Objekt Flatland

[PAN; 2014]

Styles: electro, minimal synth, dubstep, technodo
Others: Dopplereffekt, Chris Cohen, Cabaret Voltaire

“Everything is in flux,” stated Heraclytus when speaking to the boundless nature of objects (and thus also their surrounding realities). A concept reigned in to Flatland, Objekt’s debut full-length and first effort for the PAN label, every particle and idea is in motion. Anchored by the familiar sonic strokes of the “Agnes” tracks — “Agnes Revenge” and “Agnes Apparatus” — the album defines itself as a dance-focused record synced out of time with the dancer.

With these experiments of form and response with so-called “dance” and “experimental” music, Berlin-based TJ Hertz gets at larger issues concerning time and space by surgically slicing, operating, then suturing the operative functions of dance music. The dancefloor is, after all, a speculative space, at once common ground and no-man’s land. Hertz sees this and in turn separates the synaptic nerves of dance music genres to see “how things work.” The genius here is that he puts it all back together with a cold headiness that the legs never notice; the aesthetic here is disconnected from the affected, unaffected.

“Stray,” for instance, bridges the large gaps between dubstep and minimal synth/post-punk, casting out a steadily staunch drum machine cadence and driving the more melodic elements down a well, “drenched in reverb.” Dog-whistle frequencies spar with the bass while a middling lick wavers around, the track splashing claps along with cold snare as the track rises and falls before simply fading away. On other songs like “Rachet,” Hertz engages the distance between techno and Buchla synth experimentation. The track is architecturally built like a Chris Cohen attempt at Dopplereffekt: everything is wound up and twisted around a locked, snapping kick-clap functional rhythm. The combination is striking.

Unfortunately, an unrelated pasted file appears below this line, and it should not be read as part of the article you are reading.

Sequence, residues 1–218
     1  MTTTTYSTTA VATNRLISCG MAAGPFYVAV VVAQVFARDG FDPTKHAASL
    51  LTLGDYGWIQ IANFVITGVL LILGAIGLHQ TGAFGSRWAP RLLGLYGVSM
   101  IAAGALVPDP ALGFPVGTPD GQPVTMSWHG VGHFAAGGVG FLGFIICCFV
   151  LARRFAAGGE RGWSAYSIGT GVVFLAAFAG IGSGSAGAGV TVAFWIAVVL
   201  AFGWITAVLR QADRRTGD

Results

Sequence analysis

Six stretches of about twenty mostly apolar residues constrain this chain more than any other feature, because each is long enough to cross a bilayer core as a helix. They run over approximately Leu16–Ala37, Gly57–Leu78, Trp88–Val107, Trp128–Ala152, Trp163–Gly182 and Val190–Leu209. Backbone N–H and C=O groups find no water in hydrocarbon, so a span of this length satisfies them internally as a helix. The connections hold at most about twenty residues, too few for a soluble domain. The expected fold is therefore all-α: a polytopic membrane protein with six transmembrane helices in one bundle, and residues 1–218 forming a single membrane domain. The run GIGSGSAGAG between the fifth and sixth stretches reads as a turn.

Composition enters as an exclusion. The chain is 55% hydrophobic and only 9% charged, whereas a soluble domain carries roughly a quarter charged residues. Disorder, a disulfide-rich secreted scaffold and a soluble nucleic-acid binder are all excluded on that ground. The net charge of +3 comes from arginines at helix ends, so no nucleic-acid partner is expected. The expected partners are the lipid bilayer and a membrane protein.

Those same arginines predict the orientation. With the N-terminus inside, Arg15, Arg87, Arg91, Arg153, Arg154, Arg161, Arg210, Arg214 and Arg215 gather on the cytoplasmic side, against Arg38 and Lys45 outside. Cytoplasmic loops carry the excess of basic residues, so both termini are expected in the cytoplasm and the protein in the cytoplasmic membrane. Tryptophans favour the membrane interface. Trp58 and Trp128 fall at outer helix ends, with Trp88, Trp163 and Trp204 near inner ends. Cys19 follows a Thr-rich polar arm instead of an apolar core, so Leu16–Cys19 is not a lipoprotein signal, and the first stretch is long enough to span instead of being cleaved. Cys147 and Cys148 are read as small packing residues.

Later in the album, “One Stitch Follows Another” rears its head. Like Perc taking on Theo Parrish, the late runner rides on a distressingly straight disco rhythm. Bells creep in, vocal samples allude the listener, and the track is interrupted by jarring time-shocked blasts. Flatland, for all intents and purposes, is a funk/electro record. The song structures have an absolute straightness about them, but they’re all diametrically examined, a prism spun to examine the contours of its own dimensionality, a rhizomatic act.

Links: Objekt - PAN


Some releases are so incredible we just can’t help but exclaim EUREKA! While many of our picks here defy categorization and explore the constructed boundaries between ‘music’ and ‘noise,’ others complement, continue, or rupture traditions that provide new forms and ways of listening. Not all of our favorites will be listed here, but we think each EUREKA! album is worthy of careful consideration. This section is a work-in-progress, so expect its definition to be in perpetual flux.

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